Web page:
Masters of Microscopy

Charles Krebs On Seeing Beauty in the Ordinary

Welcome to Masters of Microscopy: The People Behind the Lens, where we showcase and celebrate the individuals who are the heart of the Nikon Small World competitions. They are scientists, artists, researchers, educators and everyday curious individuals who uncover the fascinating microscopic world around us.

Charles Krebs

Charles Krebs always knew he’d find his way back to the microscopic world. His fascination with the unseen began when he was just a kid. He was given an old microscope to look at pollen for a school project. As Krebs put it, “life got in the way” of pursuing microscopy further, but he never lost his drive to create. After college and a stint in the military, he began what would become a forty-year career in freelance photography. Over the years, his work has been featured in many acclaimed publications like Smithsonian Magazine, Discover, and Food & Wine. Macro-photography, it turned out, would be the thing that led him back to microscopy.

“I love photographing nature of all kinds, but the world didn’t really need another elk picture,” Krebs said. As digital photography and the associated technology progressed, Krebs found himself being drawn back into the microscopic world.

“Digital technology really changed the game for me,” Krebs said, “It allowed me to reexamine microscopy. My photography is more reality-based, and I’ve always been drawn to subjects that are more recognizable for the common person, like pollen or pond critters versus a single cell.”

He continued, “before digital, I couldn’t take the types of photos I wanted to of those subjects because with any type of film at any high magnitude, your depth of field is incredibly shallow. Digital changed all that. I picked up the microscope and started using digital techniques like image-stacking to make the kind of pictures that I wanted.”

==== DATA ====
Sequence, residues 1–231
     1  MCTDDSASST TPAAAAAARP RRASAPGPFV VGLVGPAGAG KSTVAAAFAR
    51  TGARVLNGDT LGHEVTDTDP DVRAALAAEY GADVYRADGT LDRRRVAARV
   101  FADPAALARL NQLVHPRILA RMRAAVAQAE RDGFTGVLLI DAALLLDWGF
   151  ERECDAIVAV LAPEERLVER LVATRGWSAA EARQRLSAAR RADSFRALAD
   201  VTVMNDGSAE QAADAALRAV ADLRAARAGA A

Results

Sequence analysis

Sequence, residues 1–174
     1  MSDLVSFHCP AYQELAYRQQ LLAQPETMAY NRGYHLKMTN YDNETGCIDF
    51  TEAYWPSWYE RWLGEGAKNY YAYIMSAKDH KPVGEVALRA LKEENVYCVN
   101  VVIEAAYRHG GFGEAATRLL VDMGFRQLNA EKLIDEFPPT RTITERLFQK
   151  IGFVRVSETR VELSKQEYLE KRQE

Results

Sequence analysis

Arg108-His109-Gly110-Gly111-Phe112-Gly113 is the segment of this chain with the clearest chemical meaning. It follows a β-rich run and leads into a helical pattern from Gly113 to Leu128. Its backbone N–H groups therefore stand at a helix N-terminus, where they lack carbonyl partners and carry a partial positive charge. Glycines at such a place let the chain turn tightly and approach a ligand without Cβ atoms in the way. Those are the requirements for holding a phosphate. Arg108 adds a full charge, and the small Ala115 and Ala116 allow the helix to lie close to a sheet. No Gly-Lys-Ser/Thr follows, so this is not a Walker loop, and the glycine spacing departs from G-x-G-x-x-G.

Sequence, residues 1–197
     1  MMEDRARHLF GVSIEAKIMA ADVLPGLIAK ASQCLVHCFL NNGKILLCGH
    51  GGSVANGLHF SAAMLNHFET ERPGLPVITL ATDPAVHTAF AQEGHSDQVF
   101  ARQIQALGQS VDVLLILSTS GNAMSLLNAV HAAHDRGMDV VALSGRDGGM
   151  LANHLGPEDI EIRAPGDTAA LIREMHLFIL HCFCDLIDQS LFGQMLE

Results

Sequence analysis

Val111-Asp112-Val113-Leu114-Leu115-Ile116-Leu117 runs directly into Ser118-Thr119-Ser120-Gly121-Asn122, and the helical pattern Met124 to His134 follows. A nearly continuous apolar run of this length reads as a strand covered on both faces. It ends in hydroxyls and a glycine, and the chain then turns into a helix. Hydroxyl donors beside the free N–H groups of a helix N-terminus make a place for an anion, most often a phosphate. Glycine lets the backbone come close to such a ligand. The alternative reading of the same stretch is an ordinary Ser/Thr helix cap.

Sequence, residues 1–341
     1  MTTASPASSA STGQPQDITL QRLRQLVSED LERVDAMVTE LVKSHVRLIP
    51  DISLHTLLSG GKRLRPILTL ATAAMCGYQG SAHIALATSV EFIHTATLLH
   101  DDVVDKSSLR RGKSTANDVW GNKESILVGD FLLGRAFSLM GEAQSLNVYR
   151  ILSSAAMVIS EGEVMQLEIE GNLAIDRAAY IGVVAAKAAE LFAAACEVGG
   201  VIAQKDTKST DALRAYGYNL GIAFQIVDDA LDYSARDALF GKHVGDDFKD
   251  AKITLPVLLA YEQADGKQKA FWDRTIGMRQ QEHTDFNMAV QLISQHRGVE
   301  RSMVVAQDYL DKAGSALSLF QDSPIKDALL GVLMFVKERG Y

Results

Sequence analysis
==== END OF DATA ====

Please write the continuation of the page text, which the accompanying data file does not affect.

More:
Krebs enjoying time on the beach, capturing photographs

Krebs’s sharp eye for microscopy, top-notch talent for finding beauty in a variety of unexpected places and early adoption of the image-stacking technique has led him to become one of Nikon Small World’s top competitors. Since he first began entering in 2004, Krebs has placed within the top twenty fifteen times (including a first-place win in 2005, only his second year entering), received nine honorable mentions, and earned seven images of distinction for a total of thirty three recognized images over the course of the last fifteen years.

Krebs’ 2005 winning image of a house fly was particularly impressive the year it won, as image stacking was a fairly new technique on the imaging scene that few had truly mastered. The 2005 judging panel had never seen anything like it. Since then, image stacking, a technique that uses digital image processing to combine sometimes hundreds of images to create one final piece with a specific depth of field, has become a favorite of contestants.

Krebs and his microscope

For Krebs, showing the public the beauty of the unseen world is one of his favorite things about microscopy, and why competitions like Nikon Small World are so important.

“One of my goals is to take images of things that people will have some familiarity with, and I like to show them the details. I like to show people interesting aspects of a subject that they never see. I'm most interested in images that show people how some day-to-day things that are incredibly beautiful, incredibly interesting and have incredible stories behind them if you look at them close enough,” Krebs shared.

Now semi-retired from his freelance career, Krebs couldn’t stay away from creative pursuits for long. What started with helping a professional contact who’d seen his Nikon Small World Imagery learn some microscopy techniques has turned into consistent project work with venture capital firm Intellectual Ventures and its branch off venture, Modernist Cuisine.

Two of Krebs’ winning images: rotifers (left) and a jewel beetle (right)

“Some people retire and play golf. I don't know how a freelance photographer actually retires.” Krebs said, “I tend to feel dissatisfied if a day or two goes by without capturing an image I think is really cool. I think I’ll always feel a need to create new things.”

To aspiring micro-photographers, Krebs says, “to be great at what you do takes a true blending of art and science. You need to be familiar with the characteristics of digital imaging, but you also need to be intimately familiar with the characteristics of microscope optics and how to use it properly.”

You can see the full gallery of Krebs’s Nikon Small World winning here or view his other works at www.krebsmicro.com.

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